A long time before I thought about becoming a mother, I read about a boy named David Vetter. He lived until the age of 12 in a sterilised space in a hospital in Texas. He had an autoimmune disease that made contact with pathogens for him fatal. I took interest in his story out of curiosity and pathos, but with relatively easy remove. I shut it away with stories I had read of the tallest man in the world, of the moon landing.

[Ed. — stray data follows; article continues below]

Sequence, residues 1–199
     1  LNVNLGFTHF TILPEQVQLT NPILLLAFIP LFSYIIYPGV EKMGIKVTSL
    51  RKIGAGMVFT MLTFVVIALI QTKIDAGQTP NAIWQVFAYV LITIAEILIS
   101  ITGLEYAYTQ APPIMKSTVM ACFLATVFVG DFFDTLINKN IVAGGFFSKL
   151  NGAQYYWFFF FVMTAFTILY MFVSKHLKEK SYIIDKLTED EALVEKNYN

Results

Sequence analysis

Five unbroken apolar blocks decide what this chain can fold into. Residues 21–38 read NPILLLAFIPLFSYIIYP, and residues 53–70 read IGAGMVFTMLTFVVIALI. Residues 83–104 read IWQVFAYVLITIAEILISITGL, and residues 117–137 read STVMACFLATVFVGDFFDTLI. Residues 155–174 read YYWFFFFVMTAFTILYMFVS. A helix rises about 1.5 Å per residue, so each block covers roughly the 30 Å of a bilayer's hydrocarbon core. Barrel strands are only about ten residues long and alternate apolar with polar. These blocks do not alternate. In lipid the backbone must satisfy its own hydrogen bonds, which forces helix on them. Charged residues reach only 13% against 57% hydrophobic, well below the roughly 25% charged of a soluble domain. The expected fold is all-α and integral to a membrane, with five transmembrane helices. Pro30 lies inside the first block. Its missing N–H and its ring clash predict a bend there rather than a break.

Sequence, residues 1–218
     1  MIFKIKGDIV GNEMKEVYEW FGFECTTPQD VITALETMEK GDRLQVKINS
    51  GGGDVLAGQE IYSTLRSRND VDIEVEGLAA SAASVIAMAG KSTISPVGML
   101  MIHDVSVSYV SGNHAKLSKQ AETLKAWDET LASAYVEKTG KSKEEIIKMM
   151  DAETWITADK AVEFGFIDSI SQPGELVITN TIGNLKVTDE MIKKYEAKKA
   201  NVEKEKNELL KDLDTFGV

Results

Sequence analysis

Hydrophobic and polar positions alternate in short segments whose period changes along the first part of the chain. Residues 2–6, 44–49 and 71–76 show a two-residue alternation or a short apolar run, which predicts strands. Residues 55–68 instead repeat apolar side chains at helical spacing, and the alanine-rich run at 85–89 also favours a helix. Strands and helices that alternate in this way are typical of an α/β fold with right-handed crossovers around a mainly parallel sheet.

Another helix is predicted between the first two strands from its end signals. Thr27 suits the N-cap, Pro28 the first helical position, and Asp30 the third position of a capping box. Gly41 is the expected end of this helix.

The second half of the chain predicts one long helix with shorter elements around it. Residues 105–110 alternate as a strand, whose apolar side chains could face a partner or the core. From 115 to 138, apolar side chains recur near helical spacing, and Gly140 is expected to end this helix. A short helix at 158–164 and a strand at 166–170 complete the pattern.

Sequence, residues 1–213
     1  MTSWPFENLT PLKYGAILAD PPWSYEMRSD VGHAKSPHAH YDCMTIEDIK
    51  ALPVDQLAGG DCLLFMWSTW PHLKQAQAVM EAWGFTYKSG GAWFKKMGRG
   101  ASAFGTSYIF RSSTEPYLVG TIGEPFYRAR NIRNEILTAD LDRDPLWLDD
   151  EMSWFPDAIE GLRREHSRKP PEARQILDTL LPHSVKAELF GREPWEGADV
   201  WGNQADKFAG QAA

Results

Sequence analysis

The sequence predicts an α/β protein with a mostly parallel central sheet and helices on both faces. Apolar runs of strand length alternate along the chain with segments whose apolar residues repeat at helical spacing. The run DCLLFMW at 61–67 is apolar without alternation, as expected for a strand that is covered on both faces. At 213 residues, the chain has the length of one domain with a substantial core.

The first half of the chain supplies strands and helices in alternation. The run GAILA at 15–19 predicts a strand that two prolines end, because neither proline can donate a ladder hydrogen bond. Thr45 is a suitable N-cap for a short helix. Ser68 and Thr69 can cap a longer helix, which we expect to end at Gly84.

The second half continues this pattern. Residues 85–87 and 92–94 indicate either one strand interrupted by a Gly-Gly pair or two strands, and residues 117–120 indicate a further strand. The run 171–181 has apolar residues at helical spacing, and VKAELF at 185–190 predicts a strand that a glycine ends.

When I was 31 and had descended into a panic that I’ve since only been able to describe with these metaphors of falling, with my own baby boy having entered the world, David Vetter came to mind again. I dreamed of him. I felt his story in the way I was now feeling everything differently: acutely, with rawness; as though I had only been half-seeing before. What I saw now was immense: that birth shares a membrane with death; that the flipside of everything that goes right in your labour is everything that goes wrong, that war is not abstract any-more; that everyone is someone’s child.
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